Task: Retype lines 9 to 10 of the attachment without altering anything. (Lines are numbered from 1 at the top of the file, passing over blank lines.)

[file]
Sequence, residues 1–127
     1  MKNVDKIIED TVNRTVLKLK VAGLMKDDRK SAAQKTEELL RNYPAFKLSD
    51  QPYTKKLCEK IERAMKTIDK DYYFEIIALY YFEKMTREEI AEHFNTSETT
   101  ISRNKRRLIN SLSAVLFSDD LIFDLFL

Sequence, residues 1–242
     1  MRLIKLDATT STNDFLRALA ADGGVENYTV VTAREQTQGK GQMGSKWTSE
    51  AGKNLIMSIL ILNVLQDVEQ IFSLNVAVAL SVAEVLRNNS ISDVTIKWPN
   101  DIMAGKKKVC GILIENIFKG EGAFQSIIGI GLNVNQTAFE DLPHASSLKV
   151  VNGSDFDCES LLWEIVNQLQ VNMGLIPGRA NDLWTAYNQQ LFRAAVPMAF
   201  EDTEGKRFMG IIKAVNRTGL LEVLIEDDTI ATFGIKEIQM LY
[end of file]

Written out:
   151  VNGSDFDCES LLWEIVNQLQ VNMGLIPGRA NDLWTAYNQQ LFRAAVPMAF
   201  EDTEGKRFMG IIKAVNRTGL LEVLIEDDTI ATFGIKEIQM LY